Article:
semi newbee question [baseboard]


Old 08-25-09, 08:49 PM
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semi newbee question [baseboard]

i bought a house 2 years ago, first winter was very cold.
last summer i did some baseboard modifications to my home. i added more baseboard to the current ones in my home [slant/fin 30] . my house is alot warmer now.the original baseboards were 10 years old. last winter i noticed that all my new baseboards produced significant more heat than the ones that came with the home[ there was no air in the system and i cleaned the old baseboards ] i added baseboards to all of my rooms except for one of them .
i would like to replace the current baseboards that are old in my home but im not sure how. when i did my first install i went and cut the original baseboard cooper and made a loop for the new baseboards. i have a six foot section[baseboard] by the door , im not interested adding just replacing.

Can i just use my blowtorch to heat up the original soldering and remove the old baseboard then replace it with the new one? can i reuse the original elbows to solder in the new baseboard or am i better off cutting the copper line and do a fresh solder on a clean piece of tubing?
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Old 08-26-09, 04:32 PM
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Even just a light coating of dust on the fins can significantly cut down the heat transfer... and those things are impossible to get back to showroom condition... so if yer up fer the work and expense, I gess you could replace them.

But let me ask ya... when you cut the new loop in, did you do so at the beginning of the heating loop? so that the water going to the new baseboard is much hotter than the water going to the existing baseboard? cuz that will make a large difference in the heat output too... that's IF I am understanding what you did when you added the new stuff...

Remember that as the water travels through the B/B, it's giving up heat the whole way, so if you've got 180 water going into a run of say 100 feet, you might only have 155 or 150 coming out the other end... if that water coming out is what's going IN to the existing, of course it won't give as much heat!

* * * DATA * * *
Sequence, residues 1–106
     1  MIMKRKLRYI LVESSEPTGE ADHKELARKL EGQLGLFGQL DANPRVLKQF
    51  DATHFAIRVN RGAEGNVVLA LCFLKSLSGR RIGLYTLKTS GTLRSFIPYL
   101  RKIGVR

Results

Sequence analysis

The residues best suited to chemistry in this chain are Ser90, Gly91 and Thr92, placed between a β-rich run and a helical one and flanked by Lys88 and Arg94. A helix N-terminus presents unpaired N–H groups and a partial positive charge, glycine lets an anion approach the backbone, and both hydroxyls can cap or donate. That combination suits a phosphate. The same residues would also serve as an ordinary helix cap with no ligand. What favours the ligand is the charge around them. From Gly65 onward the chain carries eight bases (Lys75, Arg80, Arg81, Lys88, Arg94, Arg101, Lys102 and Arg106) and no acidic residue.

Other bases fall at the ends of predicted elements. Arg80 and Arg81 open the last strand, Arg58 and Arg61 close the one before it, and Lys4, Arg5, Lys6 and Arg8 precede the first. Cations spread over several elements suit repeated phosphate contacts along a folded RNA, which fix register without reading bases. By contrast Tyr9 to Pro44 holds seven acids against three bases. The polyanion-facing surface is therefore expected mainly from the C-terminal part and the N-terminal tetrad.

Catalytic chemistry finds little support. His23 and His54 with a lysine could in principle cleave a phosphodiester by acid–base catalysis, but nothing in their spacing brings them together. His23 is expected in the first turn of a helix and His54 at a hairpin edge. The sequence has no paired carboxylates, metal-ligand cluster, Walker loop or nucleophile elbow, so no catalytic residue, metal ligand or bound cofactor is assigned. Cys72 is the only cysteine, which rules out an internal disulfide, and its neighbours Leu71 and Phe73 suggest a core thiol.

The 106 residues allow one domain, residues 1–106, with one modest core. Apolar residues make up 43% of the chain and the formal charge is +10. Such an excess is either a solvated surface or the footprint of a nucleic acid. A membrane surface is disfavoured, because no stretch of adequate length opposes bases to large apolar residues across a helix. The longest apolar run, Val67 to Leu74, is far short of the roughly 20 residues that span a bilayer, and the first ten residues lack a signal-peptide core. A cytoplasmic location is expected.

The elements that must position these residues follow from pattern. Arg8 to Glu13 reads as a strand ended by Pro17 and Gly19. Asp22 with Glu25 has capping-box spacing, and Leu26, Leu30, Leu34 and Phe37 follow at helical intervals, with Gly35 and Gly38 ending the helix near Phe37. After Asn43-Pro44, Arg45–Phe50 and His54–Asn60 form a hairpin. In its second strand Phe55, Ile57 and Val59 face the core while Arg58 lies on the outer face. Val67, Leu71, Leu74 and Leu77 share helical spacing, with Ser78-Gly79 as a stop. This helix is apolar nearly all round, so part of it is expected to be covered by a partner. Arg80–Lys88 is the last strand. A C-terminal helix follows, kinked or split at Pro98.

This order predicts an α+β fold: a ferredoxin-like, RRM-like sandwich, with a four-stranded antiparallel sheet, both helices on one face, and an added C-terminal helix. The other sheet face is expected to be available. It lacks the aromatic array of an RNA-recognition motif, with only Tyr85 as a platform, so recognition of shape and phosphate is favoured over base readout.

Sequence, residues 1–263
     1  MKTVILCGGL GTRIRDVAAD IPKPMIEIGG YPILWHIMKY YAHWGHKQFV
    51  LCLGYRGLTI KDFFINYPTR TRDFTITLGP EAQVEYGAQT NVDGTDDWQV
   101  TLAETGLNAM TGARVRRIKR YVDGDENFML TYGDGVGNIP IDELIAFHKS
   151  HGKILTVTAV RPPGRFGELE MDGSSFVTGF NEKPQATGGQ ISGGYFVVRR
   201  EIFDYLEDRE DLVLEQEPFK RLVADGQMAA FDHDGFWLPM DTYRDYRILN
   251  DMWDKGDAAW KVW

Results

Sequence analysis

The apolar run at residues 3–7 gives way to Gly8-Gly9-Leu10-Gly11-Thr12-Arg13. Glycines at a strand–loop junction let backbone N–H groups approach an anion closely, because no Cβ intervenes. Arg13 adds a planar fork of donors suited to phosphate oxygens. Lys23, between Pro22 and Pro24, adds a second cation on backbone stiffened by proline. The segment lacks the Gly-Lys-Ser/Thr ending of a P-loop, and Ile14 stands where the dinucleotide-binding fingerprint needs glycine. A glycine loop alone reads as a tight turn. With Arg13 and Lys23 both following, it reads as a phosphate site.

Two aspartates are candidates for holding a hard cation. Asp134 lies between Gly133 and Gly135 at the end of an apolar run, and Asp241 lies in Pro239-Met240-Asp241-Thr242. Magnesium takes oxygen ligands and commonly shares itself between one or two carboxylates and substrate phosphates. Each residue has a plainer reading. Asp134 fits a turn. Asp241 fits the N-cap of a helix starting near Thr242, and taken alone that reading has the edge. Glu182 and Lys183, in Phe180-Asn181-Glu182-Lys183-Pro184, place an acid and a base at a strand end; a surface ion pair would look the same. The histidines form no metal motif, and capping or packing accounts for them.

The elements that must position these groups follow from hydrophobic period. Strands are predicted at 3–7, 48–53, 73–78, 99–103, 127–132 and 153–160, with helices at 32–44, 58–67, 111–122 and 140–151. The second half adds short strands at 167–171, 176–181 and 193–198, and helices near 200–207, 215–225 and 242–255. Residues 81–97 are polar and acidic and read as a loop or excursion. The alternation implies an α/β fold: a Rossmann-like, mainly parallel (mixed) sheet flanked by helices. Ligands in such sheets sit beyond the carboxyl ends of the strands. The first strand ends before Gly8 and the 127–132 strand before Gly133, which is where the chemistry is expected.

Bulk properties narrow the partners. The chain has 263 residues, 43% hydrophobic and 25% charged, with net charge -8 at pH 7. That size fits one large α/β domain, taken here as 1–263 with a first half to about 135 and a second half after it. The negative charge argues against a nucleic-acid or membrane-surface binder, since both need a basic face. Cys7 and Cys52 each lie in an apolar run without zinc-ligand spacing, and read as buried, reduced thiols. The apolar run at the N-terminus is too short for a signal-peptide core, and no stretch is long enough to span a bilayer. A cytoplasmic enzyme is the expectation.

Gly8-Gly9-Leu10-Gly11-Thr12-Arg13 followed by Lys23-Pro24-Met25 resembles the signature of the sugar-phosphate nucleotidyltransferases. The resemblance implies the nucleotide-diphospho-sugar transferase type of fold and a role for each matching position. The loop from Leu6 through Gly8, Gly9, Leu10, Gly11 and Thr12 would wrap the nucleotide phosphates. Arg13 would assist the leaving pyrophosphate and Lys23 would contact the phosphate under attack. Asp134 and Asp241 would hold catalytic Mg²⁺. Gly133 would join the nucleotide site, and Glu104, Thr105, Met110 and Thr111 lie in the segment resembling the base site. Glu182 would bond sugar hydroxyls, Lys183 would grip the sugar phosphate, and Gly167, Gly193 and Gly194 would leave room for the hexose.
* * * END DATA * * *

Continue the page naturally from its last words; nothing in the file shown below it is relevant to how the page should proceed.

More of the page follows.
Don't bother trying to reuse the old fittings... it's WAY more work than it's worth to try to get them clean enough to fit back on the pipe... so, yeah, cut back and start fresh... also, you will find it quite difficult to UNsolder an old fitting... they can be very stubborn to come apart, and, they will often spit molten solder out right at you, and hit you in the face, worse, in the eye... WEAR SAFETY GLASSES! (I lernt that from Norm Abrams... unfortunately, it was AFTER my visit to the emergency room! )
Old 08-26-09, 04:47 PM
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It would be interesting to compare the thermal ratings of your old baseboards to your new ones. They are rated Btu/hr/ft (at specified ambient and water temps). The ratings for your new Slant/Fins should be readily available. If you can't find the rating for your older baseboards, find one that is similar. You might be surprised and learn they are pretty close.

I can see adding baseboards, but my thinking is that it's a mistake to replace them as you propose. It may not buy you anything, and you might run into installation problems in the process.

Is there one particular room that you think doesn't get enough heat? Then you could add a wall or kickspace heater (hot water) more simply than what you propose. That's what I did in a bathroom that didn't have enough radiation. It was easy, but ripping out and replacing existing baseboards would have been a real chore.

Last edited by gilmorrie; 08-26-09 at 05:42 PM.
Old 08-26-09, 05:39 PM
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Insulate and weatherstrip the cold rooms. If you still have a problem, then consider more baseboard, or using high-output baseboard (e.g., slantfin MP-80).
Old 08-26-09, 07:30 PM
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i have no idea which part of the loop i cut into , either the beginning or the end, i just started the loop on the side that was closest to where i was gonna add the baseboard. the room that needs replacing was actually the warmest [not that warm though] the first year i moved in, but i think that is because it was the room with the most baseboard [8x11 ft]. that room was what gave me the idea of adding baseboard to the other rooms.
as for the six foot baseboard by the door it is the only weak one in the room , using your advice i am going to cut the copper and replace the baseboard
every room with added / replaced baseboards heat up very quickly and stay hot, i also saved over $200 a month in heating bills because the boiler is not on all the time. the first winter i moved in i could not get the house hot at all during the winter, we were in our home with jackets on.

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